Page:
‘Transformation isn’t just about the glass window in front of you’: Temenos’ Alexa Guenoun on accelerating bank digital roadmaps
- Temenos has spent about $1 billion acquiring technology companies in the U.S.
- The firm's president of the Americas talks to Tearsheet about her plans to grow the region for digital banking software.
There’s been a lot of talk about Varo, the first US challenger bank to receive a national charter. The bank has rebuilt its technology off its partner bank and is transitioning its customers over to its new technology stack.
To do that, it turned to Temenos, the banking software provider. Alexa Guenoun is the firm’s President of the Americas and Global Head of Partners. She joins us on the podcast to discuss Temenos’ investment in the Americas. The company has 1300 banks and financial institutions in the region as clients, representing a billion dollar market for the firm, accounting for 25% of global revenues. We talk about digital transformation and how the pandemic has impacted banking roadmaps. We explore the concept of an incumbent creating a bank on the side as a real step forward to replacing the core and moving ahead in the digital era.
Americas in a global organization
Temenos is a global organization. We have about 3000 banks across 150 countries using our solution. And the Americas region is about a quarter of our business, with the US accounting for basically all of it. In the US, we have over 1300 customers, banks and credit unions. They vary in size, from very small banks to challenger banks to new banks to larger organizations across our portfolio.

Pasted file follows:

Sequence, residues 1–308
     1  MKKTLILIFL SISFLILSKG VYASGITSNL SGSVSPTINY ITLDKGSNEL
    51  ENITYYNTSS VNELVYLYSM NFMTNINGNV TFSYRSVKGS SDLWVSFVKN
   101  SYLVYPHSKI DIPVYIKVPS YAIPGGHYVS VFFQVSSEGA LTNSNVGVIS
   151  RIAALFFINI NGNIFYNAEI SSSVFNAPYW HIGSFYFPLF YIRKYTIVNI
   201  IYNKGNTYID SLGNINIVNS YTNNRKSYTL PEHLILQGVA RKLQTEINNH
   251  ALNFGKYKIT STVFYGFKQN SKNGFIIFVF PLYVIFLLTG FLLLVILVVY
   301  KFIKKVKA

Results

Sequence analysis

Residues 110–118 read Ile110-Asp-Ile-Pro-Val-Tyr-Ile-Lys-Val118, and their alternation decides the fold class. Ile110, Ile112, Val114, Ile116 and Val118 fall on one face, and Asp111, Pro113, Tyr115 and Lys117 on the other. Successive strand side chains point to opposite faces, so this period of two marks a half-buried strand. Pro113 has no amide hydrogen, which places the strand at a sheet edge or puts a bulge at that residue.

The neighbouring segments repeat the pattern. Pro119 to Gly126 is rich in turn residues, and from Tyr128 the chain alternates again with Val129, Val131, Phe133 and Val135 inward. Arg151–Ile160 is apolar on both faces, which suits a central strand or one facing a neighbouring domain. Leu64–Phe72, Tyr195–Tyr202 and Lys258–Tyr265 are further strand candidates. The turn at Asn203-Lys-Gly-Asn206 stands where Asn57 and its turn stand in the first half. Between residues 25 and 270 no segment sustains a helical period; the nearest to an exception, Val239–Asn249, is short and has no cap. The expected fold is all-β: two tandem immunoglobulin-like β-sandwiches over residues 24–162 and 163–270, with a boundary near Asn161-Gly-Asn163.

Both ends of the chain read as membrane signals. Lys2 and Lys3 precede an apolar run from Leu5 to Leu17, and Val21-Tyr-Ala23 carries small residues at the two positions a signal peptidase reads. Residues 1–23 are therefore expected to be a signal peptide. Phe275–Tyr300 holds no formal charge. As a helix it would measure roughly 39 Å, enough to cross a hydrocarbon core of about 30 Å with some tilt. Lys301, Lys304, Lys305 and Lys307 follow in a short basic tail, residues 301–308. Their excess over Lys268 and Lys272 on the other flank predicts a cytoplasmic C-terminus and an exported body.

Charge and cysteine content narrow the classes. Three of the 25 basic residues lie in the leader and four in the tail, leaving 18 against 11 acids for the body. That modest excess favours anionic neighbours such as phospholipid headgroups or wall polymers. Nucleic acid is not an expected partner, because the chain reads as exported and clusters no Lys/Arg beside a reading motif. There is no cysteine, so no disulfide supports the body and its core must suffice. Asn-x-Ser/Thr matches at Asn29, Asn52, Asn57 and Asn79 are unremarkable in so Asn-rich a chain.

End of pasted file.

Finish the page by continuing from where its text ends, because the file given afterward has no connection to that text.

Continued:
We combine the richest banking functionalities that we offer for our solutions with the most advanced technology. And when we say most advanced, for us, it has to be cloud, and it has to be AI driven. This is really what we do. And and our passion, which really is so fitting with the times we’re in, is to drive and accelerate the digital transformation of things from the entire stack perspective and not to just look at the glass window in front of you. It’s really how you transform the entire organization, bank or credit unions into the digital era that we are in.
We’ve seen two things happen during the pandemic. First, we’ve seen how our customers, who were already well advanced in their transformation, could leverage what they have and could service their clients. We’ve seen customers that were on that journey using our products, leveraging them to a full extent. That was really a proof point for us.
We’ve also seen people coming to us saying, okay, we’re probably a bit late in our transformation. What can we do now? What can we do quickly? Where do we start? And the way we architecture our solution, we can very easily and very quickly start from the front, and then address the back later. We’ve seen a lot of demand, obviously.
People realize that they have to do something and it’s twofold. Really, it’s the screen, and how you interact and how you personalize the interaction with your customers, as well as your technology and cloud. For people who were already in the cloud, it’s been completely seamless to them. Nobody needs to go to a server room to restart a server.
Starting the digital transformation